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Yes. Yes! Spit-F**king Yes!

By Dustin Rowles | Film | October 2, 2009 |

By Dustin Rowles | Film | October 2, 2009 |

Zombie wood, people. Spend 90 minutes in Zombieland, and you will walk out with an all-out pound-a-stranger up against a hospital wall zombie erection. And you will ride that wood until there’s hair in your teeth, blood on the wall, and it’s time to consult a doctor because your four hours are over, motherfucker, and you’re still sporting a full-on zombie chubby. Zombieland is that good, and in an era when the zombie subgenre has been pricked, poked, gouged, and pulled in every iteration, sometimes it’s nice to go back to basics: It’s not about pet zombies, or Nazi zombies, zombie porn, or capturing zombies on camera for the YouTube masses. Neither is it about fast zombies, slow zombies, smart zombies or dumb zombies. A good zombie movie — and nothing has approached Zombieland in pure goodness since Shaun of the Dead — is about killing zombies, plain and goddamn simple. In Zombieland, director Ruben Fleishcher is in the zombie-killin’ business. And business is boomin’.

Of course, if you’re looking for plot, for narrative complexity, or for layers of intricacy, you’re chewing off the wrong gangrenous stump, asshole. At its core, Zombieland is a road-trip movie. Hell, it’s National Lampoon’s Vacation with zombies, complete with a West Coast amusement part destination. Holiday motherfucking Road, y’all. The Griswolds here are Columbus (Jesse Eisenberg), Tallahassee (Woody Harrelson), Wichita (Emma Stone), and Little Rock (Abigal Breslin), so named because revealing their actual names might invite familiarity, which is not something you want during a zombie apocalypse where connections with love ones can buy you an Undeath Certificate. Columbus — the Eisenbergian lead and formerly a phobic shut-in with questionable hymen intactness, provides the narration, which mostly amounts to rattling off a set of rules for surviving a zombie apocalypse. He’s got 32, but the three most important seem to be 1) stay in shape; 2) wear your seatbeat; and 3) don’t forget the double tap — why settle for killing a zombie once when twice is not only more safe, but a lot more satisfying? Tallahassee is running from a loss, searching for some Twinkies, and realizing that his one talent in life is annihilation of zombies. And he is really fucking good at it. Meanwhile, Wichita and Little Rock are sisters, protective of one another, and distrustful of everyone else. The four meet up at various points during the first act and make their way to the Pacific Palisades amusement park, where the younger sister believes there’s a haven from zombies in a world otherwise overrun with them.

To say much more about the storyline would be pointless, needlessly reductive, and it’d ruin all the fun. Zombieland is a movie built around frenetic, stylized (but not overly so) zombie kills, and the burgeoning relationship between possibly the only people on the planet that haven’t been infected by a zombie virus (origins unknown, unexplained, and who the fuck cares?). The script (from Rhett Reese and Paul Wernick) is flat-out phenomenal — there’s enough fist-pumping one-liners to make Ash Williams proud, and enough winks and nods to Romero and the rest of zombie lore to satisfy a Parkinson’s sufferer. And beneath the exploding heads, the delicious slo-more gore, and a few jump-scares that will give you hernias, there’s also a genuinely sweet love story at play — Eisenberg and Stone are the cutest goddamn couple since Jim and Pam. Moreover, Woody Harrelson hasn’t been this good since Natural Born Killers — a shit-kicking bad ass with enough attitude to launch a line of hair products. Emma Stone is her usual sultry-ass self; Breslin, believe it or not, delivers the best deadpan; and Eisenberg plays, well, Eisenberg — the best self-deprecating, nebbish hipster in Hollywood. And by order of the movie critic code, and under penalties of zombie death, I refuse to reveal anything about the extended cameo on Zombieland, except to say this: It deserves a series of one-word sentences in the most superlative nature imaginable.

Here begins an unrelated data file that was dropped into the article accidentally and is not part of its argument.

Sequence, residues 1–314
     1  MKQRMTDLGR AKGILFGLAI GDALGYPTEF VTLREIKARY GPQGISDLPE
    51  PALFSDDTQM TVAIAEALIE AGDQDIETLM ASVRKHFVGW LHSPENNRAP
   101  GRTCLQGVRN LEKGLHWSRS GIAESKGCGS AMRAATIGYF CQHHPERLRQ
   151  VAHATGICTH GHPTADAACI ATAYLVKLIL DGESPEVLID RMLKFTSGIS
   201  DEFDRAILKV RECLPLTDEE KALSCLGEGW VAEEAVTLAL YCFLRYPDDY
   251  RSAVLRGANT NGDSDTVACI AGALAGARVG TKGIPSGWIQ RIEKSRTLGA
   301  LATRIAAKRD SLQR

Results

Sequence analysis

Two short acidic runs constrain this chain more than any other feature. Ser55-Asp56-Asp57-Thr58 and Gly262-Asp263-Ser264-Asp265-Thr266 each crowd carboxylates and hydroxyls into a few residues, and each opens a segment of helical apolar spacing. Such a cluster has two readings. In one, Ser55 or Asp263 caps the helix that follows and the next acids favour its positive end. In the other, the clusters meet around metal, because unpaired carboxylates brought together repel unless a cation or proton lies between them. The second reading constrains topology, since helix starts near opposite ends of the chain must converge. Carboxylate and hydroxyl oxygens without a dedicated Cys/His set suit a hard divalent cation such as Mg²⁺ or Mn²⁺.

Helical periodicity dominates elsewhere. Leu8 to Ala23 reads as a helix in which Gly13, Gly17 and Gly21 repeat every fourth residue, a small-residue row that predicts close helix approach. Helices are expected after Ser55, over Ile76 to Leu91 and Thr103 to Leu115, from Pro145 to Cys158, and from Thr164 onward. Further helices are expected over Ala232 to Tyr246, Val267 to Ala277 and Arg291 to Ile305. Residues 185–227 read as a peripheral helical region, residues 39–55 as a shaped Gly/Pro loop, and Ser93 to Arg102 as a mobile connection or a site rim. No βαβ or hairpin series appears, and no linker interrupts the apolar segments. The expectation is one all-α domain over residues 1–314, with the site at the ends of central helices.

The signature line in Zombieland, which you’ve heard enough if you’ve seen the trailers, is ‘Nut Up or Shut Up.’ At this point, the best thing I can do as a reviewer is the latter, allowing the movie to do all the nutting up you could possibly need. But if you like zombie movies, horror comedies, or the joyously inventive massacre of the undead, I cannot recommend Zombieland enough. See it. Take a friend. Take your domesticated zombie. Just go. And 20 years from now, when you’re kids are experiencing Zombieland for the first time at a midnight showing on their college campus, you can tell them you saw it the first time around. And if the world is obliterated by a zombie apocalypse between now and then, at least you’ll have a few rules to live by.

Dustin Rowles is the publisher of Pajiba. You can email him or leave a comment below.